Familial Alzheimer’s Disease Research Papers
Familial Alzheimer’s disease (FAD, or Familial AD) is an uncommon form of the fatal, memory-affecting disease, characterized by a diagnosis between the ages of 50 and 65, although cases have been reported in people as young as 15. Familial Alzheimer’s disease accounts for about half of all early-onset instances of the disease. In order to be susceptible for Familial AD, and individual must have at least one first-degree relative (parent, sibling or child) with a history of Alzheimer’s.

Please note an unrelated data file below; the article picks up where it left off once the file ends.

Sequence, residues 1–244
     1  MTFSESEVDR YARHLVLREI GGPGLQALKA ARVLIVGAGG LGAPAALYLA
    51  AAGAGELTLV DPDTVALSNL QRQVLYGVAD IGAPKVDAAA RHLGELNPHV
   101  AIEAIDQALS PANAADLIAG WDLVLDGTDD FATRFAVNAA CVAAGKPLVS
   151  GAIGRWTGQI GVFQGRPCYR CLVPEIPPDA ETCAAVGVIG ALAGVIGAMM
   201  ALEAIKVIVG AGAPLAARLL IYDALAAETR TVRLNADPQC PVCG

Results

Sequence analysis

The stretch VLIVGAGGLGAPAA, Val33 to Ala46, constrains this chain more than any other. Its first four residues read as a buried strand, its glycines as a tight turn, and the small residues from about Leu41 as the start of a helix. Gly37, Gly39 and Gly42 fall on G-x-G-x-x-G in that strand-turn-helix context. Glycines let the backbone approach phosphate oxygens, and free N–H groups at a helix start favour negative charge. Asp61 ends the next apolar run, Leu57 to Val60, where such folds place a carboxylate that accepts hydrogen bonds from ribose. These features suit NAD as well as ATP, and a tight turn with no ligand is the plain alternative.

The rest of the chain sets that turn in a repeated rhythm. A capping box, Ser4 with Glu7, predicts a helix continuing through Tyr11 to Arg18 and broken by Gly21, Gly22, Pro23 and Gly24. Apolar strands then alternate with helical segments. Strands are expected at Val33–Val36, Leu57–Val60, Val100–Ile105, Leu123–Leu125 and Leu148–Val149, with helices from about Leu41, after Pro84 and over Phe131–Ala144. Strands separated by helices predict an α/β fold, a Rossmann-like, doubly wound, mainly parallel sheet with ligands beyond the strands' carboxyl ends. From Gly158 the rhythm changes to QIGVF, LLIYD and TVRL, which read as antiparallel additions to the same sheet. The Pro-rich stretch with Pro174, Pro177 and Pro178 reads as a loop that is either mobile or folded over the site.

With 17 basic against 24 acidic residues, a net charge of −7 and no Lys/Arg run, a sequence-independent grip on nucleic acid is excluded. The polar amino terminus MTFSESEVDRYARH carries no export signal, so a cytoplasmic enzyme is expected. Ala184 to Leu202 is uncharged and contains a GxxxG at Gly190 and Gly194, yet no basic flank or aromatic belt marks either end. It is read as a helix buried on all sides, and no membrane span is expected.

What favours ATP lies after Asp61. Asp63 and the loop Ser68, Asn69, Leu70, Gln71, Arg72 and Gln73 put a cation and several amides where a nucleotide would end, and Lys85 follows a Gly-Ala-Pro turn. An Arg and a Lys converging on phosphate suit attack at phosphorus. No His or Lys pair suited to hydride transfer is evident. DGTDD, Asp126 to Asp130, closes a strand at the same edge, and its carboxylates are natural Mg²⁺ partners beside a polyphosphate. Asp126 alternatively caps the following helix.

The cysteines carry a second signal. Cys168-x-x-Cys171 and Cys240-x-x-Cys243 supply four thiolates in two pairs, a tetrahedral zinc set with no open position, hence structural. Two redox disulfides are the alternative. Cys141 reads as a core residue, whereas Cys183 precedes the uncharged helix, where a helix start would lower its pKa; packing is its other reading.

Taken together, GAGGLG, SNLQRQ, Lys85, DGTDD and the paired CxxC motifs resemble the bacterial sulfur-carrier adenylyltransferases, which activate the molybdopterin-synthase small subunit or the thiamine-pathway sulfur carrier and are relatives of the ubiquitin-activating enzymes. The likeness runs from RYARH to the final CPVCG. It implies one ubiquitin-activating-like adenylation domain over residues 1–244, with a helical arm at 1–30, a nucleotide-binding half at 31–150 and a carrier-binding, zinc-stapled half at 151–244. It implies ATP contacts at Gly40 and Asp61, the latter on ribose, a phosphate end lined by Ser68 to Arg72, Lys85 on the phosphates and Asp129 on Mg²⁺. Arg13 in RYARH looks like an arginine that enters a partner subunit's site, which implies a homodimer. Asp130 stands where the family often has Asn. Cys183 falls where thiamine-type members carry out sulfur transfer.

Causes of Familial Alzheimer’s Disease
Familial Alzheimer’s is caused by a mutation in at least one of three human genes:
- Presenilin 1
- Presenilin 2,
- The amyloid precursor protein (APP)
A diagnosis of Familial Alzheimer’s disease can be devastating to both individuals and their family members. Many people stricken with Familial AD are still in the process of raising children and building careers. The diagnosis can be especially difficult for young children of those stricken, as emotional distress results when a parent cannot take care of them. Additionally, many individuals are forced into early retirement, creating financial stresses, from the progression of this fatal disease.